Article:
Intraoperative electrophysiological mapping of medial frontal motor areas and functional outcomes.

Affiliation

Department of Neurosurgery, Kyoto University Graduate School of Medicine, 54 Shogoin Kawahara-cho, Sakyo-ku, Kyoto, 606-8507, Japan; Human Brain Research Center, Kyoto University Graduate School of Medicine, 54 Shogoin Kawahara-cho, Sakyo-ku, Kyoto, 606-8507, Japan. Electronic address: [Email]

Abstract

OBJECTIVE : To propose a method for intraoperative mapping and monitoring of the medial frontal motor areas (MFMA).
METHODS : We estimated the location of the MFMA using the cortico-cortical evoked potential (CCEP) provoked by electrical stimuli to the primary motor area (M1) of the upper limb. We localized or defined the MFMA by recording the motor evoked potentials (MEPs) provoked by electrical stimuli to the medial frontal cortex around the estimated area. We monitored the patients' motor function during awake craniotomy and sequentially recorded the MEPs of the upper and/or lower limbs. This method was applied to eight patients.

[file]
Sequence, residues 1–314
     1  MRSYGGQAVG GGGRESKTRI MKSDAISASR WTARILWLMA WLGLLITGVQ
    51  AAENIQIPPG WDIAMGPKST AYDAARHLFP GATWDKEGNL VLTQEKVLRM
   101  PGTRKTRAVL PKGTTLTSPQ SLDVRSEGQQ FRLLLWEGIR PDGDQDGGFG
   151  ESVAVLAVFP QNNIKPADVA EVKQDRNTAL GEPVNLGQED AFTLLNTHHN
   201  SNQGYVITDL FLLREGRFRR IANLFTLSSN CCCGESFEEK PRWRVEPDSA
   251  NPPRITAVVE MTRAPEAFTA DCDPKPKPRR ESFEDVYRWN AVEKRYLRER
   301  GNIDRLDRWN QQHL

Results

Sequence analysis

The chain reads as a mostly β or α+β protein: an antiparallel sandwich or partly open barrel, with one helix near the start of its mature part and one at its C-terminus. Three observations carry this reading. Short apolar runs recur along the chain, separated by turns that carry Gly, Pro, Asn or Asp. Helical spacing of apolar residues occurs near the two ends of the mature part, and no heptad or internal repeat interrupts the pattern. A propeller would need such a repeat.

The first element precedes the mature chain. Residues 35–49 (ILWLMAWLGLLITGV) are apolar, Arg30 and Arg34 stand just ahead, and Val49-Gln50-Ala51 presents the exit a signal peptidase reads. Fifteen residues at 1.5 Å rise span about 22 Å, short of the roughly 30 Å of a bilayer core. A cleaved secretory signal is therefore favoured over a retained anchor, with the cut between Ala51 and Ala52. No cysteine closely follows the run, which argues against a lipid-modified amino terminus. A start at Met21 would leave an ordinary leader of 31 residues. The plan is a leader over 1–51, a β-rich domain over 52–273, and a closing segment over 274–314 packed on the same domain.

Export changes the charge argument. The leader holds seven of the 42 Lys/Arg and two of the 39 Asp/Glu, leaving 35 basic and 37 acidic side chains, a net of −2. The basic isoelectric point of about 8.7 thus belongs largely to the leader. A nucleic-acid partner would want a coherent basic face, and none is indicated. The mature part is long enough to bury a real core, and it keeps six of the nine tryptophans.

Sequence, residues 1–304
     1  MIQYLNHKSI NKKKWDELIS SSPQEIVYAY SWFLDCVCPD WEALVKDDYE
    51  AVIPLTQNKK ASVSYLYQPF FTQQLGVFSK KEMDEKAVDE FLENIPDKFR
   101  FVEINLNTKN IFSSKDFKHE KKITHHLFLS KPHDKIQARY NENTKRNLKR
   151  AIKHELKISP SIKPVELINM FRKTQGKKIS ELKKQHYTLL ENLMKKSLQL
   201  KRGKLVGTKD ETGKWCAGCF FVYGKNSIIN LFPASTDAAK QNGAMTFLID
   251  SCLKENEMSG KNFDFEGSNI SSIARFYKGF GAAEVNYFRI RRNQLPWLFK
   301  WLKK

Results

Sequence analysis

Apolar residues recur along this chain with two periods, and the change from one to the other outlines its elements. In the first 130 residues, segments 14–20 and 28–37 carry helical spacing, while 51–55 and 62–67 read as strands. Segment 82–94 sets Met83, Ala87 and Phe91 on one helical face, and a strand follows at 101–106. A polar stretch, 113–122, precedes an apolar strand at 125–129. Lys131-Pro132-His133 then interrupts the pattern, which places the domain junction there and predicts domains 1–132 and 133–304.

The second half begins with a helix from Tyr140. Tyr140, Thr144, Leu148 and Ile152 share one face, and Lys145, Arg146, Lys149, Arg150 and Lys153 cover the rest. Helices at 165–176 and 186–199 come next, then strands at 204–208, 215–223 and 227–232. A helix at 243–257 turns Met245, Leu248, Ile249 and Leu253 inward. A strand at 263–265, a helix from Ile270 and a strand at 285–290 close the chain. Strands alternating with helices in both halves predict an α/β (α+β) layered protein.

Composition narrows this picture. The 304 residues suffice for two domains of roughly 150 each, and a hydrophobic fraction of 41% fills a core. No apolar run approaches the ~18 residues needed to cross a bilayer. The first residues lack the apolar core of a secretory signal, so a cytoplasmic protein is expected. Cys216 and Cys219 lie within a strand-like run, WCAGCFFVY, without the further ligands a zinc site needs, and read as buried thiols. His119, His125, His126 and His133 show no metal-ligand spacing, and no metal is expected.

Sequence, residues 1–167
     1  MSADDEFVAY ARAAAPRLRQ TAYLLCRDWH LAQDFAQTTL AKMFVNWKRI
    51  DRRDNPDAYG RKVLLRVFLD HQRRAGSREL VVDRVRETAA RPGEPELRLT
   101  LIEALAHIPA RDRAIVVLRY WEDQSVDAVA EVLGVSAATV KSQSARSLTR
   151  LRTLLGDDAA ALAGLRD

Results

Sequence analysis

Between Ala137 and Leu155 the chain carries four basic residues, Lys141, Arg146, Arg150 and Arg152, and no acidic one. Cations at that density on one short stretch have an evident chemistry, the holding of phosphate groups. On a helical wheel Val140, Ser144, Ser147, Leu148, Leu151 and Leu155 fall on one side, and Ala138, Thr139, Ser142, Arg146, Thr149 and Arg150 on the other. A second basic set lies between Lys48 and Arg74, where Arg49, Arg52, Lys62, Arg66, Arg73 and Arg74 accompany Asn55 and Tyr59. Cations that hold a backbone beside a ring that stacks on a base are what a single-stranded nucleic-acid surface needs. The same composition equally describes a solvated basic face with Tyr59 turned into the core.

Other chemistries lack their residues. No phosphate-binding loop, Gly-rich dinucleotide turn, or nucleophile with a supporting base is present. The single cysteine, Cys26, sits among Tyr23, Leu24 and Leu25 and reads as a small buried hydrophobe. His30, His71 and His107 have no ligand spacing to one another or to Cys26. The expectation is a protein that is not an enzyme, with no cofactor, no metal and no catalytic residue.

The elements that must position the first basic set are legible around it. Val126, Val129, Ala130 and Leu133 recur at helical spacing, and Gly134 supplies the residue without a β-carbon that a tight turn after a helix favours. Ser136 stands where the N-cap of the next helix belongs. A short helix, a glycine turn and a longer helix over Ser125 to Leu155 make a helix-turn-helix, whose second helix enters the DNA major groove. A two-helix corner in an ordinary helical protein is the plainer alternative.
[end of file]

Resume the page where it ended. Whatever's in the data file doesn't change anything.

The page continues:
RESULTS : Four patients who had part of the areas identified as the MFMA removed showed transient hemiparesis postoperatively [supplementary motor area (SMA) syndrome]. The MEP from the M1 was preserved in the four patients. The resection of the identified MFMA might have caused their SMA syndrome. The CCEP showed a strong connection between the M1 and the SMA of the upper limb. Our method did not provoke any seizures.
CONCLUSIONS : This is a safe and sensitive method for the intraoperative mapping and monitoring for the MFMA by combining electrophysiological monitoring and awake craniotomy. It is clinically useful for mapping the MFMA and can prevent permanent motor deficits.

Keywords

Awake Craniotomy,Cingulate Motor Area,Cortico-Cortical Evoked Potential,Direct Electrical Cortical Stimulation,Intraoperative Mapping/Monitoring,Supplementary Motor Area,

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